Turbocharging Geospatial Visualization Dashboards via a Materialized Sampling Cube Approach


—In this paper, we present a middleware framework that runs on top of a SQL data system with the purpose of increasing the interactivity of geospatial visualization dashboards. The proposed system adopts a sampling cube approach that stores pre-materialized spatial samples and allows users to define their own accuracy loss function such that the produced samples can be used for various user-defined visualization tasks. The system ensures that the difference between the sample fed into the visualization dashboard and the raw query answer never exceeds the user-specified loss threshold. To reduce the number of cells in the sampling cube and hence mitigate the initialization time and memory utilization, the system employs two main strategies: (1) a partially materialized cube to only materialize local samples of those queries for which the global sample (the sample drawn from the entire dataset) exceeds the required accuracy loss threshold. (2) a sample selection technique that finds similarities between different local samples and only persists a few representative samples. Based on the extensive experimental evaluation, Tabula can bring down the total data-to-visualization time (including both data-system and visualization times) of a heat map generated over 700 million taxi rides to 600 milliseconds with 250 meters user-defined accuracy loss. Besides, Tabula costs up to two orders of magnitude less memory footprint (e.g., only 800 MB for the running example) and one order of magnitude less initialization time than the fully materialized sampling cube.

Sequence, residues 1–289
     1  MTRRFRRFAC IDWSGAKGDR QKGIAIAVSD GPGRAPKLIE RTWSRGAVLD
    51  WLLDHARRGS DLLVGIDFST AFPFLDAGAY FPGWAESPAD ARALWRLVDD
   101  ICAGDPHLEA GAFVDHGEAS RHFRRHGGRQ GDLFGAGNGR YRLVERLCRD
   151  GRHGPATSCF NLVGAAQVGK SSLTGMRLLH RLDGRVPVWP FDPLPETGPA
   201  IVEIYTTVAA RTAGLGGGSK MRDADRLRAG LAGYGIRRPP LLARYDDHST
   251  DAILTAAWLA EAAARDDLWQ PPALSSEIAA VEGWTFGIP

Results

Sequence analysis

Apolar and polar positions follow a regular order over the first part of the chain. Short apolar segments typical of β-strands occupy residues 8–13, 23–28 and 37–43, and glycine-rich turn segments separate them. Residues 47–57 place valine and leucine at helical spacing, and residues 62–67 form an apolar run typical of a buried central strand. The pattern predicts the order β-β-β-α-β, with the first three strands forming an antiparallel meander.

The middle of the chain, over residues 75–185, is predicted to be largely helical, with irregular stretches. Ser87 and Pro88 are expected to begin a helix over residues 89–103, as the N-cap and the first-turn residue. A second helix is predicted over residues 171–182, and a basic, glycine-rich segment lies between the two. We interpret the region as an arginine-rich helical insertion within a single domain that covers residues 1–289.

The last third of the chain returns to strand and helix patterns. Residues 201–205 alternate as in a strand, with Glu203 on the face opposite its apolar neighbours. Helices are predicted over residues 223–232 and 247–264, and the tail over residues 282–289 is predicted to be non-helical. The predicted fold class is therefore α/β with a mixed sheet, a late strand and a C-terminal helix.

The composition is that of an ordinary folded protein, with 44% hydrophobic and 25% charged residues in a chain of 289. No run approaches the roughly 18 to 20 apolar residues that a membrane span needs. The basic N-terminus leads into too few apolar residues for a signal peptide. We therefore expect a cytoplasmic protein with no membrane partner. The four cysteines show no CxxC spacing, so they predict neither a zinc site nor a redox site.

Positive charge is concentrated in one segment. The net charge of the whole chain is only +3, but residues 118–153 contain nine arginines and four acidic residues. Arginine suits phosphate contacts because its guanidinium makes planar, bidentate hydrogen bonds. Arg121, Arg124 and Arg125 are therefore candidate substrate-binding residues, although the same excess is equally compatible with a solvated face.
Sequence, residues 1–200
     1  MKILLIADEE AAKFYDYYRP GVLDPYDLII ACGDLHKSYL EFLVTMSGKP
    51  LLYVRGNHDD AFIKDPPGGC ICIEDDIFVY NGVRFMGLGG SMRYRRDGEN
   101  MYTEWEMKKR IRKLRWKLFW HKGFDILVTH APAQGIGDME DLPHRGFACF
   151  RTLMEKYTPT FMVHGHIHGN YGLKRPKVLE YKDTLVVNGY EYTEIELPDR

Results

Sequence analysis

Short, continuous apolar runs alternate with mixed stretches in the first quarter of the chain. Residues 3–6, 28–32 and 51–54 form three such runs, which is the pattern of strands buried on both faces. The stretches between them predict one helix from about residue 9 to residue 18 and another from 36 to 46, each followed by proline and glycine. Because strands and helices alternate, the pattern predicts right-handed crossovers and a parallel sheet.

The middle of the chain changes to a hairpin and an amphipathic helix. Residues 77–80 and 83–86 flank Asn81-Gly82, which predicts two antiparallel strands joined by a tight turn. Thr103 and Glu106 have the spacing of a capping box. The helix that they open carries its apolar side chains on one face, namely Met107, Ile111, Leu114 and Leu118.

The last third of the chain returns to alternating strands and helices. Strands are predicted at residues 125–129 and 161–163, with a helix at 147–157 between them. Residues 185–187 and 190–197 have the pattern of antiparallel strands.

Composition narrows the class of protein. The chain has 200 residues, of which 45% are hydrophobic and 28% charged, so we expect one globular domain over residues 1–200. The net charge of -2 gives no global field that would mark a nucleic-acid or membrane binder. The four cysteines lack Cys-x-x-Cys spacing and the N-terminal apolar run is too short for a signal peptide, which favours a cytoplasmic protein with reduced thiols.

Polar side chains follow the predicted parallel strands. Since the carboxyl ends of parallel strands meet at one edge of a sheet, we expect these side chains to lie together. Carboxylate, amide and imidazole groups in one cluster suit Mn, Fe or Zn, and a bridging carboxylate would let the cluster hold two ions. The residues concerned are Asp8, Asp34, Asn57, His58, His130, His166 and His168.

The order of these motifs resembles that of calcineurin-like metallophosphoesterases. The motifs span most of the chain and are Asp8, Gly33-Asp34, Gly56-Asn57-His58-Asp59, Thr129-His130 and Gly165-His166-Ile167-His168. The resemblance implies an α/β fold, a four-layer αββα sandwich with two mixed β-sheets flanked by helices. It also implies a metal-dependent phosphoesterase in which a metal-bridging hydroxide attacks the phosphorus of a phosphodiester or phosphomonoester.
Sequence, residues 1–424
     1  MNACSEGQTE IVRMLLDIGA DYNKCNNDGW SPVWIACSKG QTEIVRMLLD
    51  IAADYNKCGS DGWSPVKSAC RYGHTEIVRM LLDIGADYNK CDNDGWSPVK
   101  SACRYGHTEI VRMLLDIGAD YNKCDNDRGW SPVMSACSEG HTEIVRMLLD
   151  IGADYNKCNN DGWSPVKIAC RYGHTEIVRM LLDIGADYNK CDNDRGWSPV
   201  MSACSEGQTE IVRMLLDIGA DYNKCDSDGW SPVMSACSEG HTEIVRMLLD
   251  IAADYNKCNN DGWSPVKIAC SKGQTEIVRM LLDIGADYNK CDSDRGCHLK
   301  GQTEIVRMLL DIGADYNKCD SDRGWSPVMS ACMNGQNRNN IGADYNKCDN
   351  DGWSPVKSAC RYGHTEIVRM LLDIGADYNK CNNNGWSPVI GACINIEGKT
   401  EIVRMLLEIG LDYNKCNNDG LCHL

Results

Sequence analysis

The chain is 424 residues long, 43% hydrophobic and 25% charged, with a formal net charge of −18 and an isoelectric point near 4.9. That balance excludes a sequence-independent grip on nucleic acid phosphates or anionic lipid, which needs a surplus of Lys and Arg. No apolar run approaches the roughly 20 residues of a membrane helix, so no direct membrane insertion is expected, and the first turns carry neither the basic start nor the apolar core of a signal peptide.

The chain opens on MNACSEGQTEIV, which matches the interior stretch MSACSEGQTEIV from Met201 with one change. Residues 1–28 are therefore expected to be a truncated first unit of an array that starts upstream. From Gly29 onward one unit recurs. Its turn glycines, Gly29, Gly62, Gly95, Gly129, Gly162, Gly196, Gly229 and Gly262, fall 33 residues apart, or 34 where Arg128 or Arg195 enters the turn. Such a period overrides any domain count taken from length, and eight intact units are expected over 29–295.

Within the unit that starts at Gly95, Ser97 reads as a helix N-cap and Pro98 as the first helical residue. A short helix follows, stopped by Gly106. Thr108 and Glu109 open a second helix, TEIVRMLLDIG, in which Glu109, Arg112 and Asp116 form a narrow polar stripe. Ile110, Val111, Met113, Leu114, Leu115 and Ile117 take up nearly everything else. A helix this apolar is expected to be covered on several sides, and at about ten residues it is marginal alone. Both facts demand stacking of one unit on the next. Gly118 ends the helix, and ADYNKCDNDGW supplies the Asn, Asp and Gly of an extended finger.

In IEEE International Conference on Data Engineering, ICDE
Jia Yu
Jia Yu
Assistant Professor (from Fall 2020)

Jia Yu obtained his PhD from Arizona State University in Summer 2020. His research interests include database systems, distributed data systems and geospatial data management.

Mohamed Sarwat
Mohamed Sarwat
Assistant Professor

Mohamed Sarwat is an assistant professor of computer science at Arizona State University. His general research interest lies in developing robust and scalable data systems for spatial and spatiotemporal applications.